Integrating Drug-Fuelled Guerrillas into Alternative Development Programs?
As a result of more than a decade of violence, forced displacement and self-organization of farmer communities, the Revolutionary Armed Forces of Colombia (FARC) were born in 1964. Driven by a Marxist-Leninist ideology, the guerrilla movement started fighting for social, political and economic equality and justice for the peasant communities of Colombia. That initial struggle resulted in more decades of violence, with the FARC involved in an ugly campaign of bombings, killings, kidnappings, extortion and the trafficking of arms and illicit drugs.
Half a century later, the FARC has been weakened considerably by years of a strong military counteroffensive, high rates of desertion and demobilization, loss of local support, and the killing of some of their top leaders. Part of the decline of the FARC has inherently resulted from its flawed tactics: the violent methods and partial shift from a leftist ideological organization to a money-making machine have decreased its credibility and local support base. At the moment, the illegal armed group has around 8,500 combatants. While heavy fighting continues, Colombian President Juan Manuel Santos announced a preliminary agreement for peace talks with the FARC in August 2012. In October, this led to an official peace dialogue that took place first in Oslo, Norway, and it is currently being held in Havana, Cuba. The agenda of the peace dialogue revolves around five issue areas: agricultural (land) reforms, drug trafficking, political participation, ending the armed conflict, and the rights and rehabilitation of victims of the conflict. The peace negotiations have been both applauded and heavily criticized.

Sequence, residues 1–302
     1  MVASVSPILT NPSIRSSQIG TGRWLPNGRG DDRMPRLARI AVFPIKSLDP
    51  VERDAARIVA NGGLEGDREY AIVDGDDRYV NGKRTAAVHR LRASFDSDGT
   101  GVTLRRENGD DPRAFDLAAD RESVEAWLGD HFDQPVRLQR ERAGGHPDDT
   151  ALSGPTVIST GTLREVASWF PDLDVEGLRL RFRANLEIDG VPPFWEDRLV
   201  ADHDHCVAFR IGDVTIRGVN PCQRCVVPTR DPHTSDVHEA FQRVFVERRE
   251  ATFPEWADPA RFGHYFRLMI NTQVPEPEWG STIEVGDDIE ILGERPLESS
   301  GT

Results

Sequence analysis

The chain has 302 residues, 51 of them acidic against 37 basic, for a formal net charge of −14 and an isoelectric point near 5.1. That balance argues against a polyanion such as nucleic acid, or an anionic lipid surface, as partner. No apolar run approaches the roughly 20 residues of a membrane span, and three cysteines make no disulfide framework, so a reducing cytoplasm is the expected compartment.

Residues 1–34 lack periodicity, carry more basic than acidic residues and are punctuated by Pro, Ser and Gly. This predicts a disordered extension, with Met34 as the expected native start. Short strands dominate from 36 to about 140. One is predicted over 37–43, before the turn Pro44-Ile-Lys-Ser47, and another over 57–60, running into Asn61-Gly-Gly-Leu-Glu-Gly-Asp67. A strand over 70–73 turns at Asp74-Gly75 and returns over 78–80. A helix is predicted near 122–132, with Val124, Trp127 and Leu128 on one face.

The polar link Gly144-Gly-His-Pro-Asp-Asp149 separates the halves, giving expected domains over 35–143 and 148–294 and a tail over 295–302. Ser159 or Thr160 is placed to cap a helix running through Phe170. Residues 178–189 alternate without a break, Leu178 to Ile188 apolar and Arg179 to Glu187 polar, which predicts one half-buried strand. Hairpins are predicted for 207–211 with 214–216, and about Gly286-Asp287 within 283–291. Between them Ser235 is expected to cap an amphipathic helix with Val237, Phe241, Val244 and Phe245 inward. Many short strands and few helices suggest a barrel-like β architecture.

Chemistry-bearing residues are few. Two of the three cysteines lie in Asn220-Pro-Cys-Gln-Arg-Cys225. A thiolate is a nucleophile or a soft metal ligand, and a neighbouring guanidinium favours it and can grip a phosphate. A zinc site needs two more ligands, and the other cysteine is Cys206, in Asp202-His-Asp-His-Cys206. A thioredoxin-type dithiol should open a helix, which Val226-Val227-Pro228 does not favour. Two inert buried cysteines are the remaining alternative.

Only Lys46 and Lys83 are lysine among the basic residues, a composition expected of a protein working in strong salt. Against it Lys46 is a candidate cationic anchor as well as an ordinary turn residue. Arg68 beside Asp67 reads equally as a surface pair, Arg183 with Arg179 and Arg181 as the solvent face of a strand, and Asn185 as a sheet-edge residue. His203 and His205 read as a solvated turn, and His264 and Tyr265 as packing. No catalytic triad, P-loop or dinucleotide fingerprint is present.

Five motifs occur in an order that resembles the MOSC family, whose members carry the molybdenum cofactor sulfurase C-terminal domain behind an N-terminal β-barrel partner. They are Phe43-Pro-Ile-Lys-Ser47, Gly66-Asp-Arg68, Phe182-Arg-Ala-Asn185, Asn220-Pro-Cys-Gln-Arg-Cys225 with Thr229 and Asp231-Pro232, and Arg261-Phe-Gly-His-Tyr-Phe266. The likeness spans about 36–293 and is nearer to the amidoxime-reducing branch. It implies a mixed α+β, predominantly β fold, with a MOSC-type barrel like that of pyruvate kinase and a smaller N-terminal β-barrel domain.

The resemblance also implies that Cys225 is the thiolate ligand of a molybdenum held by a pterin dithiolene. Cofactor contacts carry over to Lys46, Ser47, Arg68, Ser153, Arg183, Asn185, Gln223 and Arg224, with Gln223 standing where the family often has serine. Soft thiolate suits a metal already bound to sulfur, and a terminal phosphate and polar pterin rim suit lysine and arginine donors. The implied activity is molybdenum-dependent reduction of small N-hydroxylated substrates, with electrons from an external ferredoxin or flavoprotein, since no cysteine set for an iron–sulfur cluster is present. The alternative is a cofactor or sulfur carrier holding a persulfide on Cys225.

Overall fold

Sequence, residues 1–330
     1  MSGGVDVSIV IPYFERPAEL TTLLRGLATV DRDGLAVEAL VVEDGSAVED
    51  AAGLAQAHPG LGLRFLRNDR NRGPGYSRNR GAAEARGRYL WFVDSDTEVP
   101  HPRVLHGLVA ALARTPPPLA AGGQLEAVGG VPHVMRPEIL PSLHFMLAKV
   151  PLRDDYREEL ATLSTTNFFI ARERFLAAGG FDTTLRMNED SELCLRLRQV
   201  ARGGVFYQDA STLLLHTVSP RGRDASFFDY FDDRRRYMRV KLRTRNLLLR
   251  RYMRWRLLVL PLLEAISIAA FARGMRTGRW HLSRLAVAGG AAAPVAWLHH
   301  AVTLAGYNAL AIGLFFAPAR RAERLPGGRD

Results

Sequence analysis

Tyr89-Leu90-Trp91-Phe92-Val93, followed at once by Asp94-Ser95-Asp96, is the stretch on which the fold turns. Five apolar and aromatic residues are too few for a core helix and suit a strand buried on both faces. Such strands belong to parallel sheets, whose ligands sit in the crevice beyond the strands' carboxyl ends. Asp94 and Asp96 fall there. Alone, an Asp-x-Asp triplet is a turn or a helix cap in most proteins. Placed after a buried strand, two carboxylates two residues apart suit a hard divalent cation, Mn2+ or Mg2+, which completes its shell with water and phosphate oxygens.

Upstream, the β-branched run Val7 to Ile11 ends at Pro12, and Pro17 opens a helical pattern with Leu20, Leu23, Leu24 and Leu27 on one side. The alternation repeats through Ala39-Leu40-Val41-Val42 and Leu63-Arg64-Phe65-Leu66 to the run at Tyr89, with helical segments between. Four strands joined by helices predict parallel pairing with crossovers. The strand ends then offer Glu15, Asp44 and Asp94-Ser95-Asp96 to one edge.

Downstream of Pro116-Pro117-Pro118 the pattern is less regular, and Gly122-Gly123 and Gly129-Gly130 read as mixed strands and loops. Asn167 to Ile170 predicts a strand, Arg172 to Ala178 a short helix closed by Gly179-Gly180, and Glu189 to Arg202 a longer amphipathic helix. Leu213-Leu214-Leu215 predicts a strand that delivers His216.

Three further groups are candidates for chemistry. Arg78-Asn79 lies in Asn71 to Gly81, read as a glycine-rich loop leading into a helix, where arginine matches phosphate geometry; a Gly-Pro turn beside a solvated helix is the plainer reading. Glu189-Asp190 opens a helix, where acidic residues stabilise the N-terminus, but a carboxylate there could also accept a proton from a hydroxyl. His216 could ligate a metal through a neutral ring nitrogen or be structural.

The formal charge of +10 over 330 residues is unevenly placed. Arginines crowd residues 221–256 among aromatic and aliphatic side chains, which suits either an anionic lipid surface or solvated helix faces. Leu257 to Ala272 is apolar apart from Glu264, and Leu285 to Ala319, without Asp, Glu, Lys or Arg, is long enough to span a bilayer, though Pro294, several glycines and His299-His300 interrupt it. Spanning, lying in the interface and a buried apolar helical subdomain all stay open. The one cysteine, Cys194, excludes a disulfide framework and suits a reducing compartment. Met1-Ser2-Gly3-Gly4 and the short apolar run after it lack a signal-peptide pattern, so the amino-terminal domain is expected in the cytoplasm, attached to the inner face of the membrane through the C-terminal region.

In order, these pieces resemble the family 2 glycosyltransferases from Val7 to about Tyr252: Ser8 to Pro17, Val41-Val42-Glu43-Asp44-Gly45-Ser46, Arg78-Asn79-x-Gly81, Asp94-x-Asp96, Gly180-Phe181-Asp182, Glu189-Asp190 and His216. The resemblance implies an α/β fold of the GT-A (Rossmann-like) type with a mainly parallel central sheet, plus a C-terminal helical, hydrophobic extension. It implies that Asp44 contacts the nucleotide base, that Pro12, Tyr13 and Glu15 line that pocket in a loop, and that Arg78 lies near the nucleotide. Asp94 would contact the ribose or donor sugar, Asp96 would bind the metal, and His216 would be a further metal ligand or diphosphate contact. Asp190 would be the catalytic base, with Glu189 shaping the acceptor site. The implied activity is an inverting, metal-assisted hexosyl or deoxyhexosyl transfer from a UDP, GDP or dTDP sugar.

This article focuses on the nexus between two items on the peace agenda: land reforms and drug policy. It first discusses how a peace agreement could benefit the country’s fight against the supply of illicit drugs within the framework of the government’s national policy of territorial consolidation. Second, it explores what the FARC demand in return for peace in those territories where it currently has a presence. Lastly, it argues that some of the demobilized guerrilla fighters could play an active role in counternarcotics alternative development programs.